Corporate responsibility – what is it good for?

Daniel Dew of the Heritage Foundation has written an excellent piece on the high degree of responsibility that corporate officers bear under United States law. In light of a number of significant scandals currently plaguing the White House, Dew asks whether President Obama would be held responsible if he were the CEO of an American corporation:

Nobody is remotely suggesting that, absent his direct involvement, the President should be prosecuted for the misdeeds of those who work in the executive branch. It is interesting to note, however — by way of analogy only — that under the DOJ’s standard of “responsibility,” if President Obama were the head of a corporation, he would be responsible and could be prosecuted.

The Responsible Corporate Officer Doctrine allows federal prosecutors to criminally prosecute business owners and officers for the criminal activity of their businesses, regardless of whether they had knowledge of the illegal activity. The only requirement for criminal liability is “some relationship between the executive’s supervisory responsibilities and the underlying misconduct.” Put another way, in order to obtain a conviction, the government need only prove (1) illegal conduct occurred, and (2) the corporate officer had authority to exercise control over the activity.

It’s a fascinating way of looking at a concerning trend. And it’s important to remember that Australia has similarly high expectations when it comes to the duties that directors of corporations owe to their shareholders.

In February this year, lawyers Bruce Cowley and Steven Grant had an important article published in Company Director magazine, in which they pointed out there has been an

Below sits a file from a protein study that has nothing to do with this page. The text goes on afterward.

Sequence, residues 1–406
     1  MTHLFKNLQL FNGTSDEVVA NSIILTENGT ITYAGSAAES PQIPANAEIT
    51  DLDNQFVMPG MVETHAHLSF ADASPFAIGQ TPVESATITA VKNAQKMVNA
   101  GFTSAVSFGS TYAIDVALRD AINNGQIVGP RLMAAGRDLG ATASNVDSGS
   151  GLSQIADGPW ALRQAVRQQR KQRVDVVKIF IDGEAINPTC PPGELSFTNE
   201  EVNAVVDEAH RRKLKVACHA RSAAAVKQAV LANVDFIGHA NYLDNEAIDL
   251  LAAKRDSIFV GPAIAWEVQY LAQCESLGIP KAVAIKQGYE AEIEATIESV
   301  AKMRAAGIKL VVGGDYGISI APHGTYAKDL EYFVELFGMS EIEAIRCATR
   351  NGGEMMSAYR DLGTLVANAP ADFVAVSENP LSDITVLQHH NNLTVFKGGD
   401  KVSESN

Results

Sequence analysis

explosion in the number of Commonwealth, state and territory laws that impose personal liability on directors as a result of a statutory breach by a company. Many of those laws reversed the usual onus of proof so that directors were deemed liable irrespective of whether or not they were to blame, unless they could prove the availability of a statutory defence. At its peak, there were well over 700 such laws, including more than 130 such laws in NSW. This created a minefield of risk for those holding office as directors.

Laws that reverse the burden of proof or make individuals liable for crimes committed by others are anathema to a legal system that seeks to uphold the rule of law. As Dew rightly concludes:

The Responsible Corporate Officer Doctrine turns our notion of fairness on its head. People should be liable for crimes they commit—not crimes committed by others without their knowledge. The Responsible Corporate Officer Doctrine and thousands of criminal statutes and regulations are turning ordinary citizens into criminals.

If the President is not responsible for the wrongdoings of executive branch employees because the federal government is “too vast” for him to know everything that goes on in the various agencies, business owners and officers should be afforded the same excuse in criminal prosecutions.

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